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Friday Letter: Return of the SPAC

Some US private equity firms are reverting to an acquisition vehicle last seen before the financial crisis: the special purpose acquisition company. With sudden stock market uncertainty, will it last?

Blink and it could be 2005. Asset prices are high, debt is cheap and readily available, and private equity firms are being creative in executing their deals. Even the stock markets, until this week’s rollercoaster ride, had been riding high.

And in the US, even the special purpose acquisition company, SPAC for short, has made a comeback. This month, TPG Capital became the latest US private equity group to create one when it registered Pace Holdings with the Securities & Exchange Commission (SEC), an entity formed to list on Nasdaq and raise $400 million.

TPG is not alone in having dusted off this particular leaf in the pre-financial crisis playbook to capitalise on investor appetite. Veteran turnaround specialist Wilbur Ross launched his eponymous acquisition company in May 2014 and raised $500 million. 

More recently, Marc Lasry used Boulevard Acquisition, a SPAC he created a last year, to acquire Dow Chemical’s specialty chemicals unit Agrofresh for $879 million.

You would think private equity firms have enough of a challenge investing the capital received from LPs. TPG has just raised a $3 billion growth equity fund and, according to market sources, its new buyout offering is also making decent progress. Does it really need to raise even more money for a ‘blank cheque’ company on top?

‘Need’ might be too big a word, but SPACs are certainly nice to have when you’re looking to capitalise on interesting opportunities that may lie outside the parameters of your core investment strategy.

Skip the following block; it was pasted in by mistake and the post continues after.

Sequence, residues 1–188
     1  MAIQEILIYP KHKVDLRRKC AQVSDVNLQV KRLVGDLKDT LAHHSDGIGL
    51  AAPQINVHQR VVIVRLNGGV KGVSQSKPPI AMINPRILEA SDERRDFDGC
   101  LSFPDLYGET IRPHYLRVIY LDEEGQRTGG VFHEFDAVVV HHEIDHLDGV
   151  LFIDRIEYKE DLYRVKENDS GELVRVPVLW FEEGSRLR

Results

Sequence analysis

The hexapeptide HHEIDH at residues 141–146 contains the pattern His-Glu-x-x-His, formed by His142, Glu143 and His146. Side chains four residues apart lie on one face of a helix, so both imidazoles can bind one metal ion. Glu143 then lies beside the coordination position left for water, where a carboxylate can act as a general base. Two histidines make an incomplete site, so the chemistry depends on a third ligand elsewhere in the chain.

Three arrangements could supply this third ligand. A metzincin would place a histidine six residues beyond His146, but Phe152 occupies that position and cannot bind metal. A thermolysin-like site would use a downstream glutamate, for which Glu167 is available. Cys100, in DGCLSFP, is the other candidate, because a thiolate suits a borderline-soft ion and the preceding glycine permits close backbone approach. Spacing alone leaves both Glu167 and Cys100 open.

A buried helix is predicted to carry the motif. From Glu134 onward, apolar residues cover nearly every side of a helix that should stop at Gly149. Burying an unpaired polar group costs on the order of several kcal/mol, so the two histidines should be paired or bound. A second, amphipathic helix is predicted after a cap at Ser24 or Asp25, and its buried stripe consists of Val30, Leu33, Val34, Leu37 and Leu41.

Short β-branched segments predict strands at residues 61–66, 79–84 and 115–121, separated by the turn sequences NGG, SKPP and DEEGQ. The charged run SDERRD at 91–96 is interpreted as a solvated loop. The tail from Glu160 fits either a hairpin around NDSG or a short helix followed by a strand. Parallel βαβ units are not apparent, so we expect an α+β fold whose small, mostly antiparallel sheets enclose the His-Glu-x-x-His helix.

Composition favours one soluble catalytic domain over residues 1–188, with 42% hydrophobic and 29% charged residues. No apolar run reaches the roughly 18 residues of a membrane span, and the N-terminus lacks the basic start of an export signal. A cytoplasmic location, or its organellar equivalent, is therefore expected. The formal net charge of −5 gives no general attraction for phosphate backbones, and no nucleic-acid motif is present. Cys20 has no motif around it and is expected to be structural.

According to the SEC filing, the TPG vehicle will go after companies characterised by “inefficient capital allocation, over-levered capital structures, excessive cost structures or incomplete management teams” in underperforming technology, media or business service companies. 

It’s the kind of opportunity a well-oiled deal-sourcing machine like TPG’s will come across sooner or later, but which the firm’s existing funds can’t readily accommodate. So why not take advantage of keen demand for assets in the public markets and pursue an opportunistic investment through a SPAC?

LPs might say SPACs are going to be a distraction for managers. However, the fact they are back might also be a benefit in that they can be a viable exit route for funds in their portfolios: in March, private equity private equity sponsors Charlesbank Capital Partners and Leonard Green & Partners sold their investment in Mexican food restaurant chain Del Taco to Illinois SPAC Levy Holding for $500 million, rather than disposing of the business via trade sale, secondary buyout or IPO.

Sceptical LPs might also want to bear in mind that SPACS are not going to be around forever. The last time they proliferated was in the mid-2000s, but when the financial crisis took hold, they quickly fell by the wayside as investor interest tailed off and the market window in which they were created closed. This week’s burst of stock market volatility is a reminder that buoyant IPO markets have a lifespan.

For TPG and anyone else with similar aspirations, therefore, time is of the essence. SPACs typically must acquire a business within a 24-month period after raising capital or, if unsuccessful, dissolve and return the capital to their shareholders. 

When the next downturn comes, those shareholders are going to get antsy, and the blank cheque phenomenon will disappear once again.